Mariners' spring training: This year, hope springs authentic

A team that flailed at the plate last year has lots of hitting options this year. And then there's the pitching.
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During a 2012 trip to Japan, Eric Wedge gives tips to a young player in Ishinomaki, which was hard hit by the 2011 earthquake and tsunami.

A team that flailed at the plate last year has lots of hitting options this year. And then there's the pitching.

PEORIA, AZ — Our Seattle Mariners are playing well in Peoria this spring training and, for the first time in several years, are showing signs of being at least a .500 team in the regular season beginning in a month.

They could do much better than that, in fact, and get to the American League playoffs as the Oakland Athletics and Baltimore Orioles did unexpectedly in 2012. This is my 13th consecutive spring training in Peoria and I feel better about this team than any since their glory days a decade ago.

First, though, some general impressions after observing workouts in the team's first week.

The spirit and intensity are good. Manager Eric Wedge and his coaching staff use positive reinforcement and the players respond. There are 61 roster and non-roster players in the major-league camp. Some will be sent to the minors, traded, or released within the next month.  But, as a group, they are deep and capable. The depth gives them flexibility if and when a key player might be injured. (None has been so far.)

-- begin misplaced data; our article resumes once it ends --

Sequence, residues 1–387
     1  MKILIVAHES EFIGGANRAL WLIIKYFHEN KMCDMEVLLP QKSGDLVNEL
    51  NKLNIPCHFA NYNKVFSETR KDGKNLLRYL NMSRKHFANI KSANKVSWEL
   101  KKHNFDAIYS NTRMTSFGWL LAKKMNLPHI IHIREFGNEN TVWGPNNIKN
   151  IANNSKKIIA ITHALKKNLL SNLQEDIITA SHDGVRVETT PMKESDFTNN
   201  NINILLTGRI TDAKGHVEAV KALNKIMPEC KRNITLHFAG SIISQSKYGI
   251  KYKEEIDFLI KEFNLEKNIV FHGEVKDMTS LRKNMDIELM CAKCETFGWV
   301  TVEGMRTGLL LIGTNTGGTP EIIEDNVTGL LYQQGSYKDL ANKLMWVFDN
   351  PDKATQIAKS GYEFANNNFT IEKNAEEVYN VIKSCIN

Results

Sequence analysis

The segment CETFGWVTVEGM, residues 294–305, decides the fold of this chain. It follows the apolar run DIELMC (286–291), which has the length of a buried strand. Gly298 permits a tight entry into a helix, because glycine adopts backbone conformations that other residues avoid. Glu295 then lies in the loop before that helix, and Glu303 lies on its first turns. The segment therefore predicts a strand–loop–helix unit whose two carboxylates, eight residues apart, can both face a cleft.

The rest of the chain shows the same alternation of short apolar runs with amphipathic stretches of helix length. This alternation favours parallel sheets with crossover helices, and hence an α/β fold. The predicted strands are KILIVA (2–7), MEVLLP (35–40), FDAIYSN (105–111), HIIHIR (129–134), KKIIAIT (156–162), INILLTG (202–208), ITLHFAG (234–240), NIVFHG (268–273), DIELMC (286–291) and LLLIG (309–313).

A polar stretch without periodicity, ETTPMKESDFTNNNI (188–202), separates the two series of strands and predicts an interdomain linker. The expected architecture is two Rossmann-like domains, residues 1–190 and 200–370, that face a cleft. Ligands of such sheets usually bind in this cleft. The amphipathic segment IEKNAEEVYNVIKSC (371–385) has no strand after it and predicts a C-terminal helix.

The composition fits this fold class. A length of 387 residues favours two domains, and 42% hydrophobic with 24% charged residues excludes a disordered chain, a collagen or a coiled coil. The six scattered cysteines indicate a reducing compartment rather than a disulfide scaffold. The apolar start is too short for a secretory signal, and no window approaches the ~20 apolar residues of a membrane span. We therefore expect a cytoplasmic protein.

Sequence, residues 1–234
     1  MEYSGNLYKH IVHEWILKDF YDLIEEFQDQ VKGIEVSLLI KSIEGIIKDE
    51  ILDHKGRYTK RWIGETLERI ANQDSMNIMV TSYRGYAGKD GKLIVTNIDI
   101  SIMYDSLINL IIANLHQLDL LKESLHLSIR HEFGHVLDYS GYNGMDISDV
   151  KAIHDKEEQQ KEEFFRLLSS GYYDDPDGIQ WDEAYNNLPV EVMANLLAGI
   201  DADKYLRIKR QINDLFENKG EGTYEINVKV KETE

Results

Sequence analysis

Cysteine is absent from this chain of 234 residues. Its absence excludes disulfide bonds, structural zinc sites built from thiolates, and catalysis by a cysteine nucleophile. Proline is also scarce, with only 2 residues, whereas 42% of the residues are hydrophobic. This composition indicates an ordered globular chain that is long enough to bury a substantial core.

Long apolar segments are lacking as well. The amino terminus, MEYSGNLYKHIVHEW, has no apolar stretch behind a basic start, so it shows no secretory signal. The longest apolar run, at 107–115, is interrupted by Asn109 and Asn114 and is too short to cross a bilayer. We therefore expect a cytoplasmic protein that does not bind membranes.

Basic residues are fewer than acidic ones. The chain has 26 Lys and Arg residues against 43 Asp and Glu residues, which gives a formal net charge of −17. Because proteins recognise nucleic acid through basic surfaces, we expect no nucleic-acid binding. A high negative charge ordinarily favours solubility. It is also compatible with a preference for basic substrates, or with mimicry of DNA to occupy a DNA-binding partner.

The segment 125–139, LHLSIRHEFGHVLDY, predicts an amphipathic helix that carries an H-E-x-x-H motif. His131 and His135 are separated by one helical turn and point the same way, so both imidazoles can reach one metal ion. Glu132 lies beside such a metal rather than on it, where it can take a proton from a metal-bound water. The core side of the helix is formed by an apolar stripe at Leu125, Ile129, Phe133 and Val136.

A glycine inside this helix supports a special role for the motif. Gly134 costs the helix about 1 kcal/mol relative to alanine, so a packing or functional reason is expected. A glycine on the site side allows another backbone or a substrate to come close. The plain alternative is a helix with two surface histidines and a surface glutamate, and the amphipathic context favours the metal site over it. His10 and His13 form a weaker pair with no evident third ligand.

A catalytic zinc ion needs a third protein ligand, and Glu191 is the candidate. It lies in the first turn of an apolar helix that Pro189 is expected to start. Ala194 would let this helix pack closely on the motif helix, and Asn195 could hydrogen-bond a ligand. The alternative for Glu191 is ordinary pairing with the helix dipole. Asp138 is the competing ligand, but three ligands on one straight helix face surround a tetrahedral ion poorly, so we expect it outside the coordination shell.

Even now that exhibition games have begun, I focus on morning workouts at the Peoria complex. That is where Wedge and his coaches focus as well. Hitting, pitching, base running, and fielding drills give you a better idea of each player's approach and development than a few innings played in exhibitions against other teams. The exhibitions will become important only late in spring training as the starting pitching rotation and final 25-man roster become set.

The depth is excessive at some positions and will pose a problem when the final cutdown comes. For example, the Mariners have four players who basically are first basemen: Justin Smoak, Kendrys Morales, Michael Morse and Raul Ibanez — the latter three picked up over the winter. Smoak, so far, has shown the same success that he did last September. If he can sustain it, he will be the starter. Morales, like Smoak a switch hitter, will be the designated hitter. Morse, right now, is penciled in for a corner outfield spot, although he is not much of a fielder. Ibanez would be a spot player and pinch hitter but without a chance to play many innings, barring someone else's injury.

The logjam at first base/designated hitter has spilled over into outfield roster decisions.  Morse and Michael Saunders are the presumptive corner outfielders, flanking center-fielder Franklin Gutierrez, looking good after illness and injury in the past two seasons. Former slugger Jason Bay is competing for a spot against Casper Wells, a solid all-around outfielder and player; Eric Thames, and the perennial hopeful Carlos Peguero. Bay and Wells, both right-hand hitters, lead that group but there likely will be room for only one of them when the season opens.